Ever tried to read a DTD, and failed miserably? Ever wondered what all those symbols and weird language constructs meant? Well, fear not - this crash course will get you up to speed with the basics of DTD design in a hurry.
Once you have an XML document and a DTD linked together, an XML parser can verify the document against the DTD and let you know if it finds errors. A number of tools are available online to perform this validation - my favourite is the XML Spy editor, available at http://www.xmlspy.com/ , although you can also try out expat, at http://sourceforge.net/projects/expat/, and rxp, at http://www.cogsci.ed.ac.uk/~richard/rxp.html
Here's what rxp has to say when I run it on the XML document above.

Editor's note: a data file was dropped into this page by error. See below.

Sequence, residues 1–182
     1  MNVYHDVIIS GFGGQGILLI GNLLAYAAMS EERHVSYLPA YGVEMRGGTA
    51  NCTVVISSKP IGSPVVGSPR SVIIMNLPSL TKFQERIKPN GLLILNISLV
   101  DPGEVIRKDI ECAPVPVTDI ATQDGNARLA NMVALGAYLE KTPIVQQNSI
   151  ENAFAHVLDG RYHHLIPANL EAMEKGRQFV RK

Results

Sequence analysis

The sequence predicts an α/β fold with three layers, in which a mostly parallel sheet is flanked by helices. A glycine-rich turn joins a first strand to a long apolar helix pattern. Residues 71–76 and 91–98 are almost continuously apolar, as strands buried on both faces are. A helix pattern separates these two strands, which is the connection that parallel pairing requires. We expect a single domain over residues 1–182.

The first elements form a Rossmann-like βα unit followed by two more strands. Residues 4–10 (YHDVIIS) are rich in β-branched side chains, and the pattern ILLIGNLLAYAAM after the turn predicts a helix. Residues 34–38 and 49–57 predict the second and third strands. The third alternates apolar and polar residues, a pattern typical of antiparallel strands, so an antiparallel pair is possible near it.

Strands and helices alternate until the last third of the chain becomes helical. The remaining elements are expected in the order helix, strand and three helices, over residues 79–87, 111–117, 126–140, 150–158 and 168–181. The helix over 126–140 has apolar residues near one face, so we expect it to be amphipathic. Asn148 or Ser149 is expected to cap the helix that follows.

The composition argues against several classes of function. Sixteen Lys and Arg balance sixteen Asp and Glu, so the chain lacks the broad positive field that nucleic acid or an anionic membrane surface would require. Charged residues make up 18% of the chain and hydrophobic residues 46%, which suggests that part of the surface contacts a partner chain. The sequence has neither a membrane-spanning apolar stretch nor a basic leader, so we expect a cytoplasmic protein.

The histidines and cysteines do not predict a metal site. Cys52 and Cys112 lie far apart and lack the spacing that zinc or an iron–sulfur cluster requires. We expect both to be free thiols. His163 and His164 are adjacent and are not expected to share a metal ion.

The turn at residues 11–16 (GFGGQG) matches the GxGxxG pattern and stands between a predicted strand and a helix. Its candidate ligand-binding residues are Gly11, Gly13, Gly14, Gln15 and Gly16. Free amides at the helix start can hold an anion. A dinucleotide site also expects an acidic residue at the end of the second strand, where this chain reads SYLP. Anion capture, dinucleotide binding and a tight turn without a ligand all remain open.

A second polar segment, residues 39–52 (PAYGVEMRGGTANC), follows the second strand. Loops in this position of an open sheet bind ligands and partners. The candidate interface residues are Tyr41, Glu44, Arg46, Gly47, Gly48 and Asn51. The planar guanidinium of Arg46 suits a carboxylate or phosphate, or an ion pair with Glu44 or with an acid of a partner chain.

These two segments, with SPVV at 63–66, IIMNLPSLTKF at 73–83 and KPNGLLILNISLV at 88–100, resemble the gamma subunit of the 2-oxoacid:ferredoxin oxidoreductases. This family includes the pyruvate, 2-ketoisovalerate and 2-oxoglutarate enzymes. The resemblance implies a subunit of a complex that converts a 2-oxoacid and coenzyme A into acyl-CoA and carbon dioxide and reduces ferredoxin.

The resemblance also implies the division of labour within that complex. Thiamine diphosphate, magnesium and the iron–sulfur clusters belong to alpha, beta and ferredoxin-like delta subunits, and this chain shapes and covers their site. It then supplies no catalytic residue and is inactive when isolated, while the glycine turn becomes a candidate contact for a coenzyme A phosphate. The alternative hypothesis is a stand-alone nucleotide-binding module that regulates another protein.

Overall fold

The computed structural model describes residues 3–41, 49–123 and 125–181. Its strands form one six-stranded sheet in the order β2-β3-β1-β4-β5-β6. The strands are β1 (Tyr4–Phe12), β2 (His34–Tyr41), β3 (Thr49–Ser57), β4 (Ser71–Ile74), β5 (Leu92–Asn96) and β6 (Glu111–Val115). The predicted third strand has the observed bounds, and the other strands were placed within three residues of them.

While this version of the document is still well-formed, it no longer follows
the rules laid down in "weather.dtd" and hence cannot be considered valid - which is why rxp barfs and generates a list of errors.
$ rxp -V weather.xml
<?xml version="1.0" encoding="UTF-8"?>
Warning: Start tag
for undeclared element weekly_mean
in unnamed entity at line 7 char 14 of weather.xml
Content model for weather does not allow element weekly_mean here
entity at line 7 char 14 of weather.xml
Warning: Start tag for undeclared element daily_forecast
in unnamed entity
at line 8 char 17 of weather.xml
Incidentally, it's also possible to place the DTD within the XML document itself.
Although this is quite rare - the DTD is usually stored in a central place so that it can be referenced by different XML documents - you should know how to do it in case you're ever home on a Saturday evening and feel like experimenting.